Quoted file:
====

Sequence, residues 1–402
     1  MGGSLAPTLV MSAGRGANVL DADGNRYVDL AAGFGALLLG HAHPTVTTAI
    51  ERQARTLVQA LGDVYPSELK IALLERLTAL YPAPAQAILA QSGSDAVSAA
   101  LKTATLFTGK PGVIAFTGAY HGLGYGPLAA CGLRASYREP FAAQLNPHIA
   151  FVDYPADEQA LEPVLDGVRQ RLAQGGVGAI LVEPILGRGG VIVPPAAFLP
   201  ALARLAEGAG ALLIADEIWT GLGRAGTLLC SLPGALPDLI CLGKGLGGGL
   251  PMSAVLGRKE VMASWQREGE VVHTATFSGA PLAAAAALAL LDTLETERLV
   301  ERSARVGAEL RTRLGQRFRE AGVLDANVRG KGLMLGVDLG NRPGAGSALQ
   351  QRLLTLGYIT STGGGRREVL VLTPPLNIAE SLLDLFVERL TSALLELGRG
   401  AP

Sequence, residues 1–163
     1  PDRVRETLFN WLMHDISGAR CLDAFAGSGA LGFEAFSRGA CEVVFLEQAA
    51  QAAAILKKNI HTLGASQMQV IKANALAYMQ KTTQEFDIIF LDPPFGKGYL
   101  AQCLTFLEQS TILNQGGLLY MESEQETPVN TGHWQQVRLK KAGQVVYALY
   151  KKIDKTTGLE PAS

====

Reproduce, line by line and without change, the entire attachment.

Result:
Sequence, residues 1–402
     1  MGGSLAPTLV MSAGRGANVL DADGNRYVDL AAGFGALLLG HAHPTVTTAI
    51  ERQARTLVQA LGDVYPSELK IALLERLTAL YPAPAQAILA QSGSDAVSAA
   101  LKTATLFTGK PGVIAFTGAY HGLGYGPLAA CGLRASYREP FAAQLNPHIA
   151  FVDYPADEQA LEPVLDGVRQ RLAQGGVGAI LVEPILGRGG VIVPPAAFLP
   201  ALARLAEGAG ALLIADEIWT GLGRAGTLLC SLPGALPDLI CLGKGLGGGL
   251  PMSAVLGRKE VMASWQREGE VVHTATFSGA PLAAAAALAL LDTLETERLV
   301  ERSARVGAEL RTRLGQRFRE AGVLDANVRG KGLMLGVDLG NRPGAGSALQ
   351  QRLLTLGYIT STGGGRREVL VLTPPLNIAE SLLDLFVERL TSALLELGRG
   401  AP

Sequence, residues 1–163
     1  PDRVRETLFN WLMHDISGAR CLDAFAGSGA LGFEAFSRGA CEVVFLEQAA
    51  QAAAILKKNI HTLGASQMQV IKANALAYMQ KTTQEFDIIF LDPPFGKGYL
   101  AQCLTFLEQS TILNQGGLLY MESEQETPVN TGHWQQVRLK KAGQVVYALY
   151  KKIDKTTGLE PAS